Experimental Section




Errkaa (Germany, 28 min)

The approximately 28-minute art film was conceived on the occasion of the hundredth anniversary of the founding of the Dada art movement. Its focus is the North German performer and poet Emmy Hennings and the author, poet and artist Hugo Ball, who would later become her husband. The film is a fictional portrayal of the early stages of their relationship. They go on vacation together for the first time, travelling to a deserted village – absurdly – on Segways. All the houses are empty. Only large-format paper works of art hang on the facades of the buildings. This Dadaesque vacation film is shown at a party in Hugo’s flat. The two meet there once again, while all around them a party is going on. The story is partly told using Dadaist stylistic devices such as absurdity (for example, the film within the film, whereby Emmy’s arrival in film time links seamlessly with the vacation film), masquerade, stylisation, slow-motion sequences, and special colouration. One part of the film is set in modern-day Hamburg, whereas the deserted village is situated in the open-cast coal mining area of Garzweiler. While the Dadaists (the real ones as well as those enacted in the film) playfully give themselves roles – for example that of the lift operator or of the servant and champagne waiter – in their distant stylisation, Hugo Ball and Emmy Hennings remain true to themselves, right up to the balcony scene with fireworks right at the end. The closing credits, which last for more than five minutes, are a melange of film fiction, credits and making-of. Only now, almost at the very end of the film, does the viewer realise that the strangely deserted village is a place that has been depopulated for big money, a place that was destroyed by the huge bucket excavators of the Garzweiler II open-cast mining complex just a few days after the completion of filming. Here, if you will, we see the political, socially critical side of Dada.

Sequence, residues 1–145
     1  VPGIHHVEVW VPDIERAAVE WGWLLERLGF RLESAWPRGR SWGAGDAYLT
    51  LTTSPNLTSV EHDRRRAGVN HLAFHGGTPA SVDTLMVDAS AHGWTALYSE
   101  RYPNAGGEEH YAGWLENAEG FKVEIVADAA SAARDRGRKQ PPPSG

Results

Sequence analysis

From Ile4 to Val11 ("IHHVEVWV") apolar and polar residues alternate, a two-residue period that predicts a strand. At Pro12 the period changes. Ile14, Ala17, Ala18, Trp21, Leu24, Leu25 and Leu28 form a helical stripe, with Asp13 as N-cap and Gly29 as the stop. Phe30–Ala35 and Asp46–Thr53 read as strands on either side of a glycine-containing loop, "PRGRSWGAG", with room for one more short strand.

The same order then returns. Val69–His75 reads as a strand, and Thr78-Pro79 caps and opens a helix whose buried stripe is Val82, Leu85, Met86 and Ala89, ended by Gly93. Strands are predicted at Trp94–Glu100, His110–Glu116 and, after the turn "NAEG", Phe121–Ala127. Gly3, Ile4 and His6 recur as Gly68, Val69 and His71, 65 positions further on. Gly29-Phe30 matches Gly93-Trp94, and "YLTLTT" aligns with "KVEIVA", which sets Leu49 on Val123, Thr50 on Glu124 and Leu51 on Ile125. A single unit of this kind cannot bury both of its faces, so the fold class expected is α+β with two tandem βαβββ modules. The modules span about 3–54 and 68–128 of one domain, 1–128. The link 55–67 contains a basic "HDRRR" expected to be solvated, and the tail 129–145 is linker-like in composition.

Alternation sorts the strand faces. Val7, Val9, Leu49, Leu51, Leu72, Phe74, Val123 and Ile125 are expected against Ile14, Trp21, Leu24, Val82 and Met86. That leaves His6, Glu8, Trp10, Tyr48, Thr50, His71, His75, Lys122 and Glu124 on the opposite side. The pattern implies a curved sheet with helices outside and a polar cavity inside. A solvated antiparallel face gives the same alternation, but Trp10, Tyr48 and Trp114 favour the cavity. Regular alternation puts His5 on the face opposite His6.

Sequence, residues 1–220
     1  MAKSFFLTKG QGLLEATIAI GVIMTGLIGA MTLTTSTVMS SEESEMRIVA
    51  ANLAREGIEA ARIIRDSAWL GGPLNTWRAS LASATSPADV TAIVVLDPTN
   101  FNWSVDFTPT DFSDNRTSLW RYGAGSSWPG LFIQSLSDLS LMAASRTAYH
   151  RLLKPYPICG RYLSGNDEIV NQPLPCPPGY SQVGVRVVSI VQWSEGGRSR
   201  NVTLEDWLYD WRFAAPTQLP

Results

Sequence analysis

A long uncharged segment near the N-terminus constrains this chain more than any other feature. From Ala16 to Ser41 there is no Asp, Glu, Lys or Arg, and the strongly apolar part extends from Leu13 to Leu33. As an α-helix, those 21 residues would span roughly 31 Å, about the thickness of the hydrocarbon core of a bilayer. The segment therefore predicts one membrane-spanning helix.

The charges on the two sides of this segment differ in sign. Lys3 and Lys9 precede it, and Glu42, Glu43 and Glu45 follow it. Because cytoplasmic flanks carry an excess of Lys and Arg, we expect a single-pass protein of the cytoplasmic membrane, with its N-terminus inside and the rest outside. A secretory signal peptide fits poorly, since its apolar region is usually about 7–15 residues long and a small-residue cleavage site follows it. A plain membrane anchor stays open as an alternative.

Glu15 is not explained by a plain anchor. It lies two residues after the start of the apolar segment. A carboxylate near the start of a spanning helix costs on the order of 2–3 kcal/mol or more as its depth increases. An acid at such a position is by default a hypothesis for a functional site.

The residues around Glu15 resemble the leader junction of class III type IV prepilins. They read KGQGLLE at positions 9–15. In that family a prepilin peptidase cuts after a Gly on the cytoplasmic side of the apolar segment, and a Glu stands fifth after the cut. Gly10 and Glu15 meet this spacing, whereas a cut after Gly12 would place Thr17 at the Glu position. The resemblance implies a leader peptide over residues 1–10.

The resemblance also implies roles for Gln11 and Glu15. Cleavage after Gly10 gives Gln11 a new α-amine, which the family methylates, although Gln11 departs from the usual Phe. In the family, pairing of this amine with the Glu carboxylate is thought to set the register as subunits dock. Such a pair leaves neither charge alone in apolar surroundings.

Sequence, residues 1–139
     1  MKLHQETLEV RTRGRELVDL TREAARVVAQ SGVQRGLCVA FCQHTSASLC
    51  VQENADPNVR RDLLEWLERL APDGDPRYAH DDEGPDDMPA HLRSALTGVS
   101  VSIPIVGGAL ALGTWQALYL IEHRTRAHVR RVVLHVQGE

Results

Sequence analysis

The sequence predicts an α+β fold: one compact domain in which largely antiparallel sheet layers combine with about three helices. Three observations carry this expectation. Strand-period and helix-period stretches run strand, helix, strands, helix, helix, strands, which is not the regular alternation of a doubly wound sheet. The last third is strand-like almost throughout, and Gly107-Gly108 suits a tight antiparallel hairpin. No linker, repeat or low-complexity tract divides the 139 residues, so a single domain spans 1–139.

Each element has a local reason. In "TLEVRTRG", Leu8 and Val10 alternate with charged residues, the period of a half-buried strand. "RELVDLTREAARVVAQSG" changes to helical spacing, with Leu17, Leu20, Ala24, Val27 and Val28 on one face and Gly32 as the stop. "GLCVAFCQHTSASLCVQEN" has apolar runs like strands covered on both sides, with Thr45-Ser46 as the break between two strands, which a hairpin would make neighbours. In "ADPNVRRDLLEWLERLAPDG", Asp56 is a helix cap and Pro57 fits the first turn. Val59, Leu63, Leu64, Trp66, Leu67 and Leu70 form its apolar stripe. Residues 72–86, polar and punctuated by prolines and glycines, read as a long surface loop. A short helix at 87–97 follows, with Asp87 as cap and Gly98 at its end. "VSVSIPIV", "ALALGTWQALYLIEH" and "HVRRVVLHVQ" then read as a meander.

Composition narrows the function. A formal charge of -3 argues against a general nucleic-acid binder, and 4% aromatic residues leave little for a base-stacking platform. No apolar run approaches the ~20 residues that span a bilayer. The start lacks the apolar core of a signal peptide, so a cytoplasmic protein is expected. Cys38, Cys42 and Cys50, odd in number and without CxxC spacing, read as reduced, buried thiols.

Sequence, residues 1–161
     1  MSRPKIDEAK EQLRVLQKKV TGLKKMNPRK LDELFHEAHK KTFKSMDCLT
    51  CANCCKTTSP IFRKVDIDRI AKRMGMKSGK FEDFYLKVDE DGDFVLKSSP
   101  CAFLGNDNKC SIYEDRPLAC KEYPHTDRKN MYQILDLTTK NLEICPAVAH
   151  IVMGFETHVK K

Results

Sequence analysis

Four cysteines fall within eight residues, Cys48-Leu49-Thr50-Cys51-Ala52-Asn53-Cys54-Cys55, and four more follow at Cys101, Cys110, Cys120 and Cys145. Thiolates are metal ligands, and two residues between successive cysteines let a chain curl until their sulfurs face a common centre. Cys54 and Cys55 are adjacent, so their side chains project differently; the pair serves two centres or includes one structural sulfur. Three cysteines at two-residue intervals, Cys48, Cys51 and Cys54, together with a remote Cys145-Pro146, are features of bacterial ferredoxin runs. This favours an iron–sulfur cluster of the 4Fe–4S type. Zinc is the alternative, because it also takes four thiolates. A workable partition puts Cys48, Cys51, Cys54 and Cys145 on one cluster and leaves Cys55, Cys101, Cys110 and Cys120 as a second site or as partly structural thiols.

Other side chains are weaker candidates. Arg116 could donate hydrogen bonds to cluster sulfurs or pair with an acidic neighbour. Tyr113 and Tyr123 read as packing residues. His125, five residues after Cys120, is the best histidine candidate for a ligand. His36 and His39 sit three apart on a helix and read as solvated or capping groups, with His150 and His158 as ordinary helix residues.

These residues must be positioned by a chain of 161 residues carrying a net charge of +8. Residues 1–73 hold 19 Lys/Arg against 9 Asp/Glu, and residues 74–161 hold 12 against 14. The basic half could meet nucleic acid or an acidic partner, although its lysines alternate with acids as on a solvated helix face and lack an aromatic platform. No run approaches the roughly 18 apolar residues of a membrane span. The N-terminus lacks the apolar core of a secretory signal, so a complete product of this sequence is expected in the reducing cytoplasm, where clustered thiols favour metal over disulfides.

Although more than 80% of the film is underlaid with music, it’s also a silent film, with just the same two words being repeated manifold on two occasions: Hugo and Emmy.


Guli Silberstein (UK, 5 min)

Swarming pixels engulf inexorable flood of human will and passion. Waves of people change course of history and their own fate, asserting agency. Rage, fear, power. In the work, tectonic collisions of digital code capture an overwhelming sea of collective protests, and a hint of hope.


Clara Payas (Germany, 4 min)

This video is inspired in the work and thesis of the anthropologist James George Frazer in “The Golden Bough: A Study in Magic and Religion”.
The video, a stop-motion of 3:34 minutes duration, combines drawing, animation and performance. In it, the story of how a super heroine takes her own life when she realises the lethalness of her powers is told. This sacrifice unleashes a series of transformations in the universe, which is made fertile with a new being.


Michel Klöfkorn (Germany, 11 min)

Are we already living in a collage?
Didn´t we notice ?
3 fashion models on their way through the megacity of Lagos/ Nigeria


Hunter Wayne (USA, 13 min)

A veteran of the Vietnam conflict receives an invitation for his dark past to come back and haunt him in the form of a movie at the local theater.


Elliot Spencer (China, 24 min)

“Long Yearning” is a cinematic exploration of the lives of Chinese factory workers and the nature of repetitive industrialised work. The film is intermixed with written excerpts of traditional Chinese poetry, creating a surreal merging between modern and ancient China.